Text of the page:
November 5, 2003
Old-School Howard Dean
OK, say you’re the average not-from-Vermonter. Four years ago, Howard Dean completely did not exist. I mean, honestly, had someone approached you four years ago talking about “Howard Dean,” could your face have been anything but blank at that moment?
Today, if you don’t know who Howard Dean is, you pretty much need to put down Snarkmarket and pick up a newspaper clue.
And your cred is dodgy at best if you’ve never heard of Zephyr Teachout.
Well, so, my eventual point is that we ostensibly know all about Howard Dean, the presidential candidate. But most of us know precious little about Howard Dean, actual former governor of Vermont. And there’s a way to change all that, if you’re interested.
The jointly-owned Rutland Herald and Times Argus have thought to bring all us clueless non-Vermonters this snazzy archive of all their articles related to Howard Dean since their online web operation started in 1999. It is a brief, but stellar peek at Dean’s job as governor, well before anyone was thinking of him as a Presidential candidate.
Sift momentarily through the archive and you will find interesting artifacts like this little number, from Nov. 28, 2001, in which the newspaper’s editorial board remarks about the yet-nascent notion that little VT’s governor just might be thinking of running for President in ‘04. Marvel at the way they talk about 2003’s Democratic front-runner (let’s not quibble) the way we talk about Dennis Kucinich today.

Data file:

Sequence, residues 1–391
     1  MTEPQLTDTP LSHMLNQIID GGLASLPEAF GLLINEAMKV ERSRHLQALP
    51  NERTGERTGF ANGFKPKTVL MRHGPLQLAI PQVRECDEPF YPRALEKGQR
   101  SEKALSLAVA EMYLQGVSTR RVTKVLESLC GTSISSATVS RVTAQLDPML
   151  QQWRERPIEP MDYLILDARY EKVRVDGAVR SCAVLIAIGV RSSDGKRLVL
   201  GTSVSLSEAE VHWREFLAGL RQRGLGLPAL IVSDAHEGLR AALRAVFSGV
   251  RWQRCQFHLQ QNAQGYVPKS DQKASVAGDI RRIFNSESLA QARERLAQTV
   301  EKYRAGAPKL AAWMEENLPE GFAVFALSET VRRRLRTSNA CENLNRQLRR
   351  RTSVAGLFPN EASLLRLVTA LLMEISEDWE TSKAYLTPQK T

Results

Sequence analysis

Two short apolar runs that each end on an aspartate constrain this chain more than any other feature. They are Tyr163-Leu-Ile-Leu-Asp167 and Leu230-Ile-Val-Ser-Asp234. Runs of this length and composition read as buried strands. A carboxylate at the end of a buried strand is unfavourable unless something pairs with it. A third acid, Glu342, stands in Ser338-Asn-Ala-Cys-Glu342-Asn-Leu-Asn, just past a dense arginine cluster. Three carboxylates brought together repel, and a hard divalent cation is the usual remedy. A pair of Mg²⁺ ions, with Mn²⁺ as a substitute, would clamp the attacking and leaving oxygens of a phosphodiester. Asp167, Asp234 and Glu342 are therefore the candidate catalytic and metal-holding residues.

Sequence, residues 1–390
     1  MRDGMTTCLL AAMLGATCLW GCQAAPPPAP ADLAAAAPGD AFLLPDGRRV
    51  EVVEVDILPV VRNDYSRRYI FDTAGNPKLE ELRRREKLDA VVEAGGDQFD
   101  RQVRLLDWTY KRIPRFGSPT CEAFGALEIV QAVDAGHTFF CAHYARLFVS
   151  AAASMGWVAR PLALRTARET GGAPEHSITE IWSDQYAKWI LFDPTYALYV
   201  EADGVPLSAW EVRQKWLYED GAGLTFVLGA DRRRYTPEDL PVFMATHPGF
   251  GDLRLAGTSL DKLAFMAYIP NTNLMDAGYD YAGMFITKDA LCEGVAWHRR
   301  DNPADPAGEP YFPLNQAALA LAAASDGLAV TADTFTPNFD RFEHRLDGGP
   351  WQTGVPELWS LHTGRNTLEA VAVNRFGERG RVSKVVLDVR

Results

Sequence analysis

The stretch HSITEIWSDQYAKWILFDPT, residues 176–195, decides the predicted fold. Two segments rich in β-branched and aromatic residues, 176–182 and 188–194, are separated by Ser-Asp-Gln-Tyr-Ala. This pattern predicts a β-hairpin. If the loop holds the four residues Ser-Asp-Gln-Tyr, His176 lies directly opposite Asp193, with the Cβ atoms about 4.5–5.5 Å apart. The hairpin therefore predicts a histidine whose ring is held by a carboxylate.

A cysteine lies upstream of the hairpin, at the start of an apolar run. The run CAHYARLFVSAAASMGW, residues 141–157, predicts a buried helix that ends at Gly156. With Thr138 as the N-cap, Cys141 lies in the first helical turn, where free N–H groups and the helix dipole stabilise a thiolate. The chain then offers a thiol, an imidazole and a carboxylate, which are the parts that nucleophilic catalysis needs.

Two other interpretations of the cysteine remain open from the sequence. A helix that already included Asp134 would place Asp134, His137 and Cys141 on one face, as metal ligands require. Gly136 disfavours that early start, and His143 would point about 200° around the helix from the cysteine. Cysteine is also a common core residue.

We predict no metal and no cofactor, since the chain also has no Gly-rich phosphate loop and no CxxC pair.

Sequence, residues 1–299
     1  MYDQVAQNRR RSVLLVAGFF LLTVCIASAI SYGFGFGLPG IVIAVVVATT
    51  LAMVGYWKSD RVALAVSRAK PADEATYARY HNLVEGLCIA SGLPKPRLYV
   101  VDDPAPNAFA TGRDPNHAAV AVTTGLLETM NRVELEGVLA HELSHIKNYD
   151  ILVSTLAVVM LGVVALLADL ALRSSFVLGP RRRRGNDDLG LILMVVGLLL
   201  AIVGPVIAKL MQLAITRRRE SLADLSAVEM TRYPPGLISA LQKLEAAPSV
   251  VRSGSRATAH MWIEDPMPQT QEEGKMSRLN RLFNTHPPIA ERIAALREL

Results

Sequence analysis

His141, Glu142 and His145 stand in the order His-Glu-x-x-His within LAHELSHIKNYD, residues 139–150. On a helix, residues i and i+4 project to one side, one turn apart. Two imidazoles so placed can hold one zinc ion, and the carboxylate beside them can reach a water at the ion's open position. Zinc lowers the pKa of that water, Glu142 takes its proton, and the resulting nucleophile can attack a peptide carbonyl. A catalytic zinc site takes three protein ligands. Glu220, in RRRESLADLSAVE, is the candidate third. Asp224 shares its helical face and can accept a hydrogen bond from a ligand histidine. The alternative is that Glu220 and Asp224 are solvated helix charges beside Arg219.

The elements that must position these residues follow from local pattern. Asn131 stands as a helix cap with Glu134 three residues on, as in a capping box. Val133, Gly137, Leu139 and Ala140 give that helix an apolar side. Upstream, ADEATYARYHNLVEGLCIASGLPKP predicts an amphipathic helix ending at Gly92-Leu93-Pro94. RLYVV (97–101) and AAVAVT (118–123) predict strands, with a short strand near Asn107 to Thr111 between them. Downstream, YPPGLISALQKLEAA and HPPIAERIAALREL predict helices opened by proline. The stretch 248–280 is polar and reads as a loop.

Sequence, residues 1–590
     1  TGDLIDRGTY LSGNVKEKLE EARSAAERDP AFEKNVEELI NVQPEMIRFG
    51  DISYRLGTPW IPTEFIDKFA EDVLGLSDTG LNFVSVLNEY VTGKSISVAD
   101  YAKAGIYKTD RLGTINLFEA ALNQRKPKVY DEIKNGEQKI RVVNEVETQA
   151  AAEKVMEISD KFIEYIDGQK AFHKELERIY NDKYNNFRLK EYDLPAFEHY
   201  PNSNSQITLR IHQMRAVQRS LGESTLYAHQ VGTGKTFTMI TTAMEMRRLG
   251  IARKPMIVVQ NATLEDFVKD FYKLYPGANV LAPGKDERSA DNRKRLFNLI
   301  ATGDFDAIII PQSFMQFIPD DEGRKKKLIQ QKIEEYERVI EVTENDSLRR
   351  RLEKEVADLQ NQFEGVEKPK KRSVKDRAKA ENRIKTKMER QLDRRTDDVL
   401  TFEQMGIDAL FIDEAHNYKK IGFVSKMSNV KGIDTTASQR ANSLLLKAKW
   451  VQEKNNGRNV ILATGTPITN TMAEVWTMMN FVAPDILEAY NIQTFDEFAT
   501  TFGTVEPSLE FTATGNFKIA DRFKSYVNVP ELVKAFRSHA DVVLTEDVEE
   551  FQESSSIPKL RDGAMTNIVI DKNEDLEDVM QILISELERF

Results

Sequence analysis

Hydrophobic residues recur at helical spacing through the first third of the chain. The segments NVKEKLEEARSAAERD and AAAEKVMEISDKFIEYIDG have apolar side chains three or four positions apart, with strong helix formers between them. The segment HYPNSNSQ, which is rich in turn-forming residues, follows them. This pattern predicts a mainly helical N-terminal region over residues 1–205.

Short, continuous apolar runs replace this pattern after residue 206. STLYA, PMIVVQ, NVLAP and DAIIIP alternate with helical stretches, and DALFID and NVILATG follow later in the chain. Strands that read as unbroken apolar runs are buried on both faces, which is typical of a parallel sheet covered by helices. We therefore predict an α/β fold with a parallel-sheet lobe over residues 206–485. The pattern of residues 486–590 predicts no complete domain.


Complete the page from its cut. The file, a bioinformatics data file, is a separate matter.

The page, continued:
The fact is that, if Dean has only a 1 percent chance of winning, there still may be benefits from running. For one thing, he is an active player in the nationís affairs, and there is no reason he should not enter the fray, if not to win office, at least to advance the causes in which he believes.
There is plenty of room at the national level for politicians promoting non-ideological, pragmatic politics. Who knows if Dean would be taken seriously by voters in Iowa or New Hampshire? There is a chance that he would be.
Indeed. The future is rife with possibility.
PS: Also duly notable, the papers’ archive of stories related to the civil unions ruling. It’s difficult for non-Vermonters looking in three years after the fact to grasp how dramatically the civil unions affair rent the state.